In the 1960s, California"s colleges and universities had transformed the state into the world"s seventh largest economy. However, Berkeley, the University of California"s main campus, was also well-known for its student demonstrations and strikes, and its atmosphere of political radicalism. When Ronald Reagan ran for office as governor of California in 1966, he asked if Californians would allow "a great university to be brought to its knees by a noisy, dissident minority". The liberals replied that it was the ability to tolerate noisy, dissident minorities which made universities great.
On university campuses in Europe, mass socialist or communist movements gave rise to increasingly violent clashes between the establishment and the college students, with their new and passionate commitment to freedom and justice. Much of the protest was about the Vietnam War. But in France, the students of the Sorbonne in Paris managed to form an alliance with the trade unions and to launch a general strike, which ultimately brought about the resignation of President de Gaulle.
It wasn"t just the activism that characterized student life in the 1960s. Everywhere, going to college meant your first taste of real freedom, of late nights in the dorm or in the Junior Common Room, discussing the meaning of life. You used to have to go to college to read your first forbidden book, see your first indie film, or find someone who shared your passion, for Jimi Hendrix or Lenny Bruce. It was a moment of unimaginable freedom, the most liberating in your life:
But where"s the passion today? What"s the matter with college? These days political, social and creative awakening seems to happen not because of college, but in spite of it. Of course, it"s true that higher education is still important. For example, in the UK, Prime Minister Blair was close to achieving his aim of getting 50 per cent of all under thirties into college by 2010 (even though a cynic would say that this was to keep them off the unemployment statistics). Yet college education is no longer a topic of great national importance. Today, college is seen as a kind of small town from which people are keen to escape. Some people drop out, but the most apathetic stay the course because it"s too much effort to leave.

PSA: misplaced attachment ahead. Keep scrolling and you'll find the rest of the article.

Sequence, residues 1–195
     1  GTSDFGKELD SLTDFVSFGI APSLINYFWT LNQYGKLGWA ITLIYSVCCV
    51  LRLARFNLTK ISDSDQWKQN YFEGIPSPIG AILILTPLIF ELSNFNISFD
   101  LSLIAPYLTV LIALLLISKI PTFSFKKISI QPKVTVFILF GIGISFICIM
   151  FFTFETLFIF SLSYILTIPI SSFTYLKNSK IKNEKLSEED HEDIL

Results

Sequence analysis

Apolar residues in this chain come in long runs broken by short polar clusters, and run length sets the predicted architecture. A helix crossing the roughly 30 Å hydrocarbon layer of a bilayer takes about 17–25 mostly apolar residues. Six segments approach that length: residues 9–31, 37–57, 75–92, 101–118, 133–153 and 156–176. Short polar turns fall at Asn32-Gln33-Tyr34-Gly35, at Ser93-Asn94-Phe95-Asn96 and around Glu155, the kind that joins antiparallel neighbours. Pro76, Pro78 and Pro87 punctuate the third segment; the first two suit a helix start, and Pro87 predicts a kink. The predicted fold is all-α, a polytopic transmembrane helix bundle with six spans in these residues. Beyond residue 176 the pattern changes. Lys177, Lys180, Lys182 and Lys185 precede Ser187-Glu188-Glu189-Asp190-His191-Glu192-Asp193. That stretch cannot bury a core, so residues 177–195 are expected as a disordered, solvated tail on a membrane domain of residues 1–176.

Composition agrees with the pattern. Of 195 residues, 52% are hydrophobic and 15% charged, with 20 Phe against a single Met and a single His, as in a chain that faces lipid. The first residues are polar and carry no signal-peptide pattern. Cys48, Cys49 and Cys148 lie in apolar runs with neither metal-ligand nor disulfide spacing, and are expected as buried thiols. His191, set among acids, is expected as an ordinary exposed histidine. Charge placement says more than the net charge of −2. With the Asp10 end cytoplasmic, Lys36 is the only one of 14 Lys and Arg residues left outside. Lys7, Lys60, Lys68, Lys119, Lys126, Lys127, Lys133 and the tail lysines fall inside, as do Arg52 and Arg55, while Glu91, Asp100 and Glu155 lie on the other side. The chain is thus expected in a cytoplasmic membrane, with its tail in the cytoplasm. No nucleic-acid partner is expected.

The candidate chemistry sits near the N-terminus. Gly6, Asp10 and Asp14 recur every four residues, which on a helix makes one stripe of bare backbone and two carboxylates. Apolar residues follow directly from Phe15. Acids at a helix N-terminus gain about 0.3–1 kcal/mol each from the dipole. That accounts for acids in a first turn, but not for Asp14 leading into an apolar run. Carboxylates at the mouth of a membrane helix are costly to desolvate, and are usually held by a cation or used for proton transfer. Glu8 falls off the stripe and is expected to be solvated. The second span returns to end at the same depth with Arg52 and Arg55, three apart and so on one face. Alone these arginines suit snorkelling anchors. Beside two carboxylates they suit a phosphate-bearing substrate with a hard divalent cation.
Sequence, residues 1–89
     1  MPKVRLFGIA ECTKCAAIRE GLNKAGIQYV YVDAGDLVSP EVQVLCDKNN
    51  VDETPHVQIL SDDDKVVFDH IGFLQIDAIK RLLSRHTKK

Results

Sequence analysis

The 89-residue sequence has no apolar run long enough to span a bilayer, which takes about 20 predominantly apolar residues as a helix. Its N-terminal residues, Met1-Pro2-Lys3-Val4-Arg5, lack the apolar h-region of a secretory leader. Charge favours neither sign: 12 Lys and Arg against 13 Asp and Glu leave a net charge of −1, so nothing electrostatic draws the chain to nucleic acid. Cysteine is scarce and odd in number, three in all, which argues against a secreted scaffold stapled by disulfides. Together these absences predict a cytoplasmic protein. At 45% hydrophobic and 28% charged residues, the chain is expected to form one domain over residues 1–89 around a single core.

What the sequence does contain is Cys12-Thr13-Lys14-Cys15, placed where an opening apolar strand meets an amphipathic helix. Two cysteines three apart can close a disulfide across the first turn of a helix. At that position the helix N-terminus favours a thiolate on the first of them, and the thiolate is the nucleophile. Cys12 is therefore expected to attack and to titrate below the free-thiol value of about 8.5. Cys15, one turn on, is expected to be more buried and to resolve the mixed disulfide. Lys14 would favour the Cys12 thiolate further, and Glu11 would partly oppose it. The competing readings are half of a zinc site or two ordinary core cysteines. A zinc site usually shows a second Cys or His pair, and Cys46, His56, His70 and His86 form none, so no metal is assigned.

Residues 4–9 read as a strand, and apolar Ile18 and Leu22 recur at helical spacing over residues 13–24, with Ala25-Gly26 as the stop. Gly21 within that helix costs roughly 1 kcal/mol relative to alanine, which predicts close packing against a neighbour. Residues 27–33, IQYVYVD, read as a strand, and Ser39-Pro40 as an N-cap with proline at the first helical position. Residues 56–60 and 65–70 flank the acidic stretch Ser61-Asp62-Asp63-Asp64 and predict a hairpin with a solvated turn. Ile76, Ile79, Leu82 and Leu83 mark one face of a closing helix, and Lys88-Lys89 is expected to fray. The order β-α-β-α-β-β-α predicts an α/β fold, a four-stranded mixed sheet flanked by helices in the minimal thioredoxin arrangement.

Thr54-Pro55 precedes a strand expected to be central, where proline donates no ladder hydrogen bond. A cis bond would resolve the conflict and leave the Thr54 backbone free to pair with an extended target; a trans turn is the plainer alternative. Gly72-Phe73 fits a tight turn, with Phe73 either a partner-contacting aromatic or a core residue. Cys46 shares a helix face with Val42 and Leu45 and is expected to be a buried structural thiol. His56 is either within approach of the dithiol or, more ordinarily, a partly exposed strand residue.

Instead of the heady atmosphere of freedom which students in the1960s discovered, students today are much more serious. The British Council has recently done research into the factors which help international students decide where to study. In descending order these are: quality of courses, employability prospects, affordability, personal security issues, lifestyle, and accessibility. College has become a means to an end, an opportunity to increase one"s chances on the employment market, and not an end in itself, which gives you the chance to imagine, just for a short while, that you can change the world.
The gap between childhood and college has shrunk, and so has the gap between college and the real world. One of the reasons may be financial. In an uncertain world, many children rely on their parents" support much longer than they used to. Students leaving university in the 21st century simply cannot afford to set up their own home because it"s too expensive. Another possible reason is the communications revolution. Gone are the days when a son or daughter rang home once or twice a term. Today students are umbilically linked to their parents by their cell phones. And as for finding like-minded friends to share a passion for obscure literature or music, well, we have the Internet and chat rooms to help us do that.
"Bliss was it in that dawn to be alive,
But to be young was very heaven!"
Wordsworth may have written these lines about the French Revolution; but they were also true for the students of the 1960s. So why aren"t they true for the students of today?
Unit 2 This is Sandy 这位是桑迪
I love it when my friends introduce me to new people, although I never let on. I love the proud and honorable expression they wear when they say “This is Sandy — she"s deaf”, as if I were evidence of their benevolence. I also love the split-second shocked expression on the new people, the hasty smiles and their best imitations of what they think of as their “normal faces”. If they do the ritual well enough I turn my head ever so slightly and tuck my hair behind one of my ears, whichever one"s closer to them. They never fail to say something nice about my pink hearing aids, while my regular friends beam on.
I"m thinking of starting a hearing aid collection, actually. They"d make better accessories than earrings: I once saw a catalog for clip-on hearing aids and hearing aid covers, and the products were most definitely fashion statements in various shapes and hues. It"d be like the exquisitely expensive handbag Esther"s dad got her when we were in high school. The rest of us could only admire, but could not, imitate, because our dads weren’t rich enough to spoil us that way. And now, only I can wear hearing aids: My friends can do nothing but gush.
To be honest, I quite like my deafness. It wasn"t easy the first few years after the car accident and the stupid exploding airbag, but now it"s become something that makes me special among my friends. None of my close friends are hearing-impaired; simply because I wasn’t born deaf. By the time I lost my hearing; I"d already accumulated a fixed circle of people, and they mostly rushed to participate in the drama.